ODBC Import technique
ODBC Import technique
3 novembre 2016 - Auteur : - Catégories : Blog, FileMaker, Technique

ODBC Import technique

[Version française]

In this blog post, I will share a technique that Laurent Spielmann (@laurent_at_joes) and I developed together and that greatly simplifies imports. It uses ODBC import.

Have you never been bothered by inconsistent database structures between a data source and your own application?

Have you never cursed the SQL developer who uses as a unicity key a concatenation of several columns?

Have you never felt anxiety before renaming a field because it could break an import order?

Have you never lost your temper in front of a progress bar during a sync operation on a ESS table?

If you answered no to all of these, I’m jealous. This article is for the rest of us. 🙂

Some technical background for a start

FileMaker has had a great friend for a long time: ODBC.

ODBC is implemented in 3 very different manners in FileMaker. Let’s avoid confusion:

  1. FileMaker can be defined as an ODBC data source. It is not our topic today but it’s interesting because a FileMaker source interrogated via ODBC will act as any other database. An ODBC driver is provided with FileMaker Pro and FileMaker Server.FileMaker ODBC driver
  2. FileMaker can access ODBC data in the context of ESS (External SQL Source). The purpose is here to interact with external data as if they were FileMaker data, through table occurrences, layouts, scripts…). Since FileMaker 9, we used to be able to play with mysql, Oracle and SQL Server. Since the release of FileMaker 15, Postgresql and DB2 have joined the game. Note that on Mac, a third party driver is required (Actual Technologies). Since the release of ESS in FileMaker 9, developers tend to use it for all interactions with SQL sources. And that is a very bad idea. I admit that the fact that you can interact with external data just as if they were FileMaker data is great, but the cost in terms of performance is huge. ESS performance is well below ODBC potential.
  3. Finally, and that is often forgotten -and therefore our today topic— the capability to communicate with a SQL source by script.

What script steps are we talking about?

Two script steps allow interaction with ODBC sources:

  1. READ: Import records.
  2. WRITE: Execute SQL (I’m not talking about the ExecuteSQL calculation function, that can only read (SELECT), but of the Execute SQL script step, for good)

Note that it is not possible, at least to my knowledge, to read data from an external source without writing to a FileMaker table (import). One could expect that Execute SQL would return the result of a SELECT statement to a variable, but it doesn’t.
Tip: Execute SQL can also modify the structure of a database. (CREATE, DROP, ALTER…). Come back to this tip after reading this article. Could give you ideas.

Driver ? DSN ? what’s this?

The main reason why these features are somehow neglected is that they require a DSN (Data Source Name) to be installed at the operating system level, and sometimes, depending on the database, a specific driver.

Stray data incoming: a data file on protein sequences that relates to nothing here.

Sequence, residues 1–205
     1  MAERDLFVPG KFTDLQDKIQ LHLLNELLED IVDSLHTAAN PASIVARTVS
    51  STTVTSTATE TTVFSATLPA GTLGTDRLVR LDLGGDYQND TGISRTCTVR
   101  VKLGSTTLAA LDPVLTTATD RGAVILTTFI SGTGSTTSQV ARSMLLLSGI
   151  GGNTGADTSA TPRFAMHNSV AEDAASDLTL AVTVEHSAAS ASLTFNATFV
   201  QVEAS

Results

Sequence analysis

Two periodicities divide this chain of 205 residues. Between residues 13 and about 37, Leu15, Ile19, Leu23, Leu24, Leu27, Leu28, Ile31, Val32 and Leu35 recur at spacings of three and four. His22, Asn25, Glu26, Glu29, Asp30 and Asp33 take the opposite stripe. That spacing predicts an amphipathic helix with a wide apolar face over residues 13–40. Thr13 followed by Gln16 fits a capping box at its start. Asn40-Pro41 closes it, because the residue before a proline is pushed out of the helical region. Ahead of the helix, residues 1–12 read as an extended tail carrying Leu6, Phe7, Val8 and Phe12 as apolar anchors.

A DSN is needed for the operating system to give applications access to an ODBC data source. ODBC is a standard that allows different databases to communicate using SQL. (Open DataBase Connectivity).

On the Mac, you have to setup a DSN using ODBC Manager, that used to be installed by default in /Applications/Utilities/ before Apple decided it was too good for you. Fortunately, unlike MagSafe connector and other great hardware and software features removed by Apple, ODBC Manager can still be downloaded here.

ODBC Manager

While it is true that setting up a DSN on each client machine is complex, it’s a snap to install it once on the server.

As a matter of fact, we’ve been able since FileMaker Server 9 to schedule scripts on server, and since FileMaker 13 to perform script on server from the client.

What’s more, and while Import Records [ ODBC data ] has always been server compatible, Execute SQL has become server compatible only with FileMaker Server 15. Enough to re-think some stuff!

To sum up: you can now set up a DSN only on the server and benefit from it on all clients, including Pro, Go, WebDirect and CWP.

However, the developer (that’s you) will also need to access the SQL sources in order to write scripts (namely to configure import orders). To address this you’ll simply have to set up the same DSN on your computer, paying attention to using exactly the same name. So you will be able to edit your scripts and the server can perform them.

We’re done with the technical setup. Now let’s focus on what’s interesting.

The plot

Here is a short summary of the situation we had to address. We have to import a massive amount of data stored in mysql.
Performance is a key here, and this excludes ESS immediately. By the way, we had really no reason to consider ESS: this technology is good at one thing only: present and manipulate external data as if they were FileMaker data. Nothing else. It’s really NOT designed to import or run synchronization operations.
So we go for ODBC imports, but refinements are to come later.

First challenge: unicity and performance

So here we are with the following script configuration:

blog import odbc query basic

As you can see, the Import records script steps is talking to a DSN with a query that we define as a variable for the sake of readability.

But among the numerous imports we have to make, some are of ‘update’ type (the third option checked in the import order dialog)

Import matching records

The problem is that the unicity criteria does not fit in a single column. To decide wether a record matches and must be updated, 3 columns had to be used as matching keys.

FileMaker allows this, but with dramatically poor performance. Since the number of records was huge, this simply wasn’t an option.

Imagine the query:

SELECT a, b, c, d FROM myTable

But although we want to import these 4 columns into 4 FileMaker fields: A, B, C, and D, we must update records if a, b and c are matching A, B, and C.

Let’s define the import order like:

import order 1

but we know that performance won’t be acceptable.